Another example given in the same paper is Newton’s notion of admitting only as many causes as are necessary to explain the data. This is nicely formalized in terms of AIC using causal diagrams; if a model of a variable references more causes of that variable, then that model involves more adjustable parameters. In addition, adding causal dependencies to a causal model adds parameters to the description of the system as a whole.

One way to think about all this is that AIC and other model selection techniques provide a protection against unfalsifiability. A theory with too many tweakable parameters can be adjusted to fit a very wide range of data points, and therefore is harder to find evidence against.

I recall a discussion between two physicists somewhere about whether Newton’s famous equation *F* = *ma* counts as an unfalsifiable theory. The idea is just that for basically *any* interaction between particles, you could find some function F that makes the equation true. This has the effect of making the statement fairly vacuous, and carrying little content.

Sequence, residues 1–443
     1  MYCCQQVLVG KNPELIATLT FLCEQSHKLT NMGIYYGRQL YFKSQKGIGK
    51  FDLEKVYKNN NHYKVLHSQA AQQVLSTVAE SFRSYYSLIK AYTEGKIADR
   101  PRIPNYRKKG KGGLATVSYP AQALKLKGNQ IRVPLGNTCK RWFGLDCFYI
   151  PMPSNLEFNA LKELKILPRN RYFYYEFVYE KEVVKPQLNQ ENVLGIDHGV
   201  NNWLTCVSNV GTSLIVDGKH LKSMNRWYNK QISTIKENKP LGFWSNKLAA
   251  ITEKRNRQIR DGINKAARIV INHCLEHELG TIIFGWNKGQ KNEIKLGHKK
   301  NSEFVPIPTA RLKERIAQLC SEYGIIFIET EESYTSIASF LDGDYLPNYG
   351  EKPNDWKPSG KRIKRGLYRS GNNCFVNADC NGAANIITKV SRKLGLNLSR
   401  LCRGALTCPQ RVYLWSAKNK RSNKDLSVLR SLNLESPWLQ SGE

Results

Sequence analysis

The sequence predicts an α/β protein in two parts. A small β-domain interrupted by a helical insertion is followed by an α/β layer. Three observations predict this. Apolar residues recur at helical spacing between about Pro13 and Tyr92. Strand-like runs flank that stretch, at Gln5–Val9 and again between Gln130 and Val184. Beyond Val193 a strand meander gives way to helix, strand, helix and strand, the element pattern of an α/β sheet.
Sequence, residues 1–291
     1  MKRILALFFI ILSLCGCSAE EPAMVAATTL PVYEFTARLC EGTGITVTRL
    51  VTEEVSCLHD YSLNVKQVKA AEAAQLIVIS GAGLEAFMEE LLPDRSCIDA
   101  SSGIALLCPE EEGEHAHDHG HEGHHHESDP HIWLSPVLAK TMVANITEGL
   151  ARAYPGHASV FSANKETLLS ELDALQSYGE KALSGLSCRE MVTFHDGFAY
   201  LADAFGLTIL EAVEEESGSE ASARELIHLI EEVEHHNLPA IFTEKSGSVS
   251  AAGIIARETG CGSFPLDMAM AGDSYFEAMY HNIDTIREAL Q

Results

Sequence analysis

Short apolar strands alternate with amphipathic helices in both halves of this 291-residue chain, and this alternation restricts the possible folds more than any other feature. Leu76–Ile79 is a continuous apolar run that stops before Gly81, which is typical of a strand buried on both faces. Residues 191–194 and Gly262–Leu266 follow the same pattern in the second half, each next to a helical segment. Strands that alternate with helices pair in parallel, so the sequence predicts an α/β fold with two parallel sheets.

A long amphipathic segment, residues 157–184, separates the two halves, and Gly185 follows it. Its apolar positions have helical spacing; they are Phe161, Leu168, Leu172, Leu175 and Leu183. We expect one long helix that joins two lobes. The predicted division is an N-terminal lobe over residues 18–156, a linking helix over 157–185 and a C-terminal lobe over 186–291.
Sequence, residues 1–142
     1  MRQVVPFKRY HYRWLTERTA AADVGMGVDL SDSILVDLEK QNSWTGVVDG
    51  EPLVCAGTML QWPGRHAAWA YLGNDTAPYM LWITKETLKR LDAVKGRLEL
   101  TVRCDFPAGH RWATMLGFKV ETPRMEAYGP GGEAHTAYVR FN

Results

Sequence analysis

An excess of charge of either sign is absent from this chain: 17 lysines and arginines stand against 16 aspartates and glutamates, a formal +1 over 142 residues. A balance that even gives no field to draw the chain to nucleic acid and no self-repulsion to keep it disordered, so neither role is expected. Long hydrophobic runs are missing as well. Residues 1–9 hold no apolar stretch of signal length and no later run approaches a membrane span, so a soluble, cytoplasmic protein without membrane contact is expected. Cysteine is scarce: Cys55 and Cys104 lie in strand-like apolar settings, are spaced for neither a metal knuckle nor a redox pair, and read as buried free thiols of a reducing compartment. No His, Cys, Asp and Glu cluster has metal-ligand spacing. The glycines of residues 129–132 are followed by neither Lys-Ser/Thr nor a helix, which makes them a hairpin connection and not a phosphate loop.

What does AIC have to say about this? The family of functions represented by *F* = *ma* is:

**ℱ **= { *F* = *ma* : *F* any function of the coordinates of the system }

How many parameters does this model have? Well, the ‘tweakable parameter’ lives inside an infinite dimensional Hilbert space of functions, suggesting that the number of parameters is infinity! If this is right, then the overfitting penalty on Newton’s second law is infinitely large and should outweigh any amount of evidence that could support it. This is actually not too crazy; if a model can accommodate any data set, then the model is infinitely weak.

One possible response is that the equation F = ma is meant to be a definitional statement, rather than a claim about the laws of physics. This seems wrong to me for several reasons, the most important of which is that it is *not the case* that any set of laws of physics can be framed in terms of Newton’s equation.